There just wasn’t going to be that much money for the 28-year-old Dedmon in a tight market this summer.

Dedmon is a good defender, and he developed his ball skills – as a 3-point shooter and passer – in Atlanta last season. The Hawks could look to trade him. Maybe, in a deal primarily about his expiring contract, he adds extra value to the other team due to his playing ability.

If Atlanta doesn’t move him, Dedmon will be a fine player on a likely tanking team. At least he’s not good enough to subvert the Hawks’ tank, especially with the new lottery format.

Nick Young says ‘everybody needs to do cocaine,’ later insists he was joking

AP Photo/Mary Altaffer
1 Comment

Nick Young will say and do nearly anything for attention.

Empowered by the Warriors’ championship, he swung for the fences when asked about Canada passing marijuana legalization.

Young, via TMZ:

“I want people to pass cocaine,” the NBA star told TMZ Sports outside 1 OAK on Tuesday night … “Everybody needs to do cocaine!”

Predictably, that caused a bit of an uproar. Then, Young backtracked:

Chill. You know I was just joking

A post shared by Nick Young (@swaggyp1) on

Too late, Nick. People are already asking questions you don’t want asked.

Report: 76ers trade No. 39 pick to Lakers

AP Photo/Chris Szagola
3 Comments

The 76ers have too many 2018 draft picks – Nos. 10, 26, 38, 39, 56 and 60.

Philadelphia already has 11 players under contract for next season. Plus, the 76ers have the space to add premier players. There just isn’t room for everyone on the roster.

So, Philadelphia unloaded one of those selections.

Adrian Wojnarowski of ESPN:

This is good return for the 76ers, who everyone knew had to trade a draft pick. The rebuilding Bulls could easily land a higher second-round pick than No. 39 next year.

Why do the Lakers want an extra second-rounder this year? Second-round picks don’t count against the cap until signed, and they can always slightly sweeten a trade offer. They’re helpful for a team with big plans and little wiggle room.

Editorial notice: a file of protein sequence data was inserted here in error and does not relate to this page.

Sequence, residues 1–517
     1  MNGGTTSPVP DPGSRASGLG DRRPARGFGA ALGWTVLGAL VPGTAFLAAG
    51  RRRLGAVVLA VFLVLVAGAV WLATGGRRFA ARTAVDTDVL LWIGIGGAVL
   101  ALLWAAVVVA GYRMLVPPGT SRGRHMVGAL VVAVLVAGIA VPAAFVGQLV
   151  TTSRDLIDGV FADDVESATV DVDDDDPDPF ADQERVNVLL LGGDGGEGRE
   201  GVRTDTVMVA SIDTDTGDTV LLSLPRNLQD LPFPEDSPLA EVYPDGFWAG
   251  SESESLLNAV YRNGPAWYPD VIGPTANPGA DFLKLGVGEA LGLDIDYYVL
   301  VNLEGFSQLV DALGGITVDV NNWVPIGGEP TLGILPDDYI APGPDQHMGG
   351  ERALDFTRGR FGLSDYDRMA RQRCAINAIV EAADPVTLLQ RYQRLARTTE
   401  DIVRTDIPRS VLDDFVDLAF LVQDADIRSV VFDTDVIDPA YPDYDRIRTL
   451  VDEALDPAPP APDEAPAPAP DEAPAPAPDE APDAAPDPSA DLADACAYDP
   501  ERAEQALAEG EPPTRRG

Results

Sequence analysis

Kyle O’Quinn opts out of Knicks contract

AP Photo/Tony Dejak
1 Comment

The Knicks have the No. 8 pick, and tomorrow’s draft will be the most important part of their offseason.

Will they also have cap space to add talent in free agency? That hinges on Enes Kanter‘s player option.

If Kanter opts out, New York will have even more room to operate thanks to Kyle O'Quinn declining his $4,256,250 player option.

Adrian Wojnarowski of ESPN:

The Knicks expected this for a while, and they’re probably not disappointed. Steve Mills and Scott Perry want to put their stamp on the franchise. O’Quinn is a leftover from the Phil Jackson era and a reminder of the recent tumult in New York.

O’Quinn’s combination of block percentage (6.1) and defensive-rebounding percentage (27.8) was unmatched last season. He just really struck a nice balance between contesting shots and remaining in position on the glass. He’s also a smooth mid-range shooter with an improved ability to distribute.

How much is that player worth?

It’ll be a tight market, especially for bigs. For his sake, I hope the 28-year-old O’Quinn already has assurances from other teams. He might get a similar salary or, more likely, a larger overall guarantee on a multi-year deal. But it’s also possible he comes out behind by testing free agency.